FDI in Vietnam real estate sets new record

FDI in Vietnam real estate sets new record

Foreign direct investment (FDI) flows in Vietnam in Jan-Apr 2019 sets a record for the value of registered investment capital over the same period in the past 4 years, according to a report from the Foreign Investment Agency under the Ministry of Planning and Investment. 

Specifically, in the first months of the year, total FDI reached $14.59 billion, up 81 percent compared to the same period last year. Some $5.7 billion of FDI have been disbursed, an increase of 7.5 percent year-on-year.

Processing and manufacturing sector still ranks first among the 19 sectors attracting FDI. According to the report, FDI inflows into this sector in Jan-Apr reached nearly $10.5 billion, accounting for around 72 percent of the total registered capital.

FDI in Vietnam real estate

Real estate ranks second with $1.1 billion, making up 7.5% of the total, an increase of more than 36 percent over the same period of 2018. This is considered a record level. Since 2016, real estate has continuously maintained the second position in the list of FDI attraction industries with the increase of total investment capital.

Notably, Hong Kong surpassed Japan and South Korea to take the leading position on the list of countries and territories pouring FDI into Vietnam. Accordingly, after 4 months, FDI from Hong Kong into Vietnam hit $4.7 billion, accounting for 32.5 percent of total investment capital. The next one is Korea with a total investment of $1.98 billion, making up 13.6 percent, followed by Singapore with $1.87 billion, or 12.8 percent.

With a total registered FDI of more than $4.47 billion in 4 months, accounting for 30.6 percent of the total, Hanoi remains its leading position in attracting FDI, followed by Ho Chi Minh City with $2.37 billion, or 16.3 percent, and Binh Duong with over $1 billion, making up 7 percent.

(Source: Thanh nien)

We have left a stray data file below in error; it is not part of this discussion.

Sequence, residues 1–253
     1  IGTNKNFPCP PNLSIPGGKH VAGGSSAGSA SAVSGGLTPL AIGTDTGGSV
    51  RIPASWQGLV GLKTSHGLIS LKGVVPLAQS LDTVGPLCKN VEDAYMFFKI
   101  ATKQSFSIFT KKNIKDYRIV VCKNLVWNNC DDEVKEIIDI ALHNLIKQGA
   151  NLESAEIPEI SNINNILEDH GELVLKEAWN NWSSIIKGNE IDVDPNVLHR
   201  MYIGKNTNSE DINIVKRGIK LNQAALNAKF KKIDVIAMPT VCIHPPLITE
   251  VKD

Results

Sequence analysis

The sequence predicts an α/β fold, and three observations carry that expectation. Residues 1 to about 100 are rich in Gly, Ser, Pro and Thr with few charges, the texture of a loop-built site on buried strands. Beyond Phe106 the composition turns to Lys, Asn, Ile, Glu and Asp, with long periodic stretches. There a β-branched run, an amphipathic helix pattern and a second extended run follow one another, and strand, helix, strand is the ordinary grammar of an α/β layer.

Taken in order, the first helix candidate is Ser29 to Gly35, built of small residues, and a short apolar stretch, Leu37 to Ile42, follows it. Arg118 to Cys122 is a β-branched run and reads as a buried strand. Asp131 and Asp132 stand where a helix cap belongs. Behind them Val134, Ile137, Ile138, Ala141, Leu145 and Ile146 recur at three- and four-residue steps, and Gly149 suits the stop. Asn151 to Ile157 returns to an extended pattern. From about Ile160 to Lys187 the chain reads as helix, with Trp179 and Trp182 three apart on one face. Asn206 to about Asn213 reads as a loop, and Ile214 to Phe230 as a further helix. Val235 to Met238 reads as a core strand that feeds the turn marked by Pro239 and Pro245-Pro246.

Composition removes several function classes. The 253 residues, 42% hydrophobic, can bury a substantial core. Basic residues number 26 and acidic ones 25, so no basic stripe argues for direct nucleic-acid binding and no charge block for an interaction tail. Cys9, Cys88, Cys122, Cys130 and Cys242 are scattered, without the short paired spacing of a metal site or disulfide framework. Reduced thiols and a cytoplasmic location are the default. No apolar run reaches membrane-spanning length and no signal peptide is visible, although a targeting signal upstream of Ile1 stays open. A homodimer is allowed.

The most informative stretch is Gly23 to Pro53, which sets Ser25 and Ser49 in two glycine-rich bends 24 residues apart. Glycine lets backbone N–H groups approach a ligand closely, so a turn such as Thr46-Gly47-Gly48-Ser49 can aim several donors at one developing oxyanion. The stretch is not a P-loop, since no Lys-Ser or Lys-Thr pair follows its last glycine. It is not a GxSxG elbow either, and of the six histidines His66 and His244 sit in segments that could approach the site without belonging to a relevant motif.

April 30, 2019 / by / in
A guide for foreigners buying property in Vietnam

The amended 2014 Housing Law, which took effect from July 1, 2015, allows foreign individuals and organizations to own property in Vietnam. The more “open” regulations of the Law have created new demand and momentum for the local real estate market. Here are the latest updates on Vietnam property foreign ownership that you need to know. 

How can foreigners buy property in Vietnam?

Foreign individuals are eligible to buy residential properties in Vietnam, as long as they can enter the country legally. All legal entities like foreign investment funds, banks, Vietnamese branches and representative offices of overseas companies that are established in Vietnam; are also eligible to buy Vietnam properties. The Housing Law allows eligible foreign entity and individuals to buy and own all residential sectors including apartments and landed properties such as villas and townhouses (previously only applicable to apartments). However, foreigners can not buy more than 30% of the total units within one condominium complex; not exceeding 10% for the total number of the separate houses for each project or 250 separate houses in a ward-level administrative unit.

A guide for foreigners buying homes in Vietnam

Several major past restrictions on property ownership have been removed for foreign buyers

Tenure of ownership:

– Foreign individuals: up to 50 years leasehold from the date of issuance of ownership certificate with possible renewal (subjected to approval by authorities.)

– Foreign individuals with Vietnamese spouse: Freehold

– Foreign organizations: up to the duration (inclusive of extended duration) indicated in the investment certificate.

Purpose of purchase: 

Properties owned by foreigners can be sold, sub-leased, inherited and collateralize (previously only for the owner’s residence purpose).

In addition, experts from real estate consulting firm Savills advise foreigners should open bank account in Vietnam when they need to make payment to housing developers. They recommend international banks with branches in Vietnam such as ANZ, Citibank, HSBC and Standard Chartered.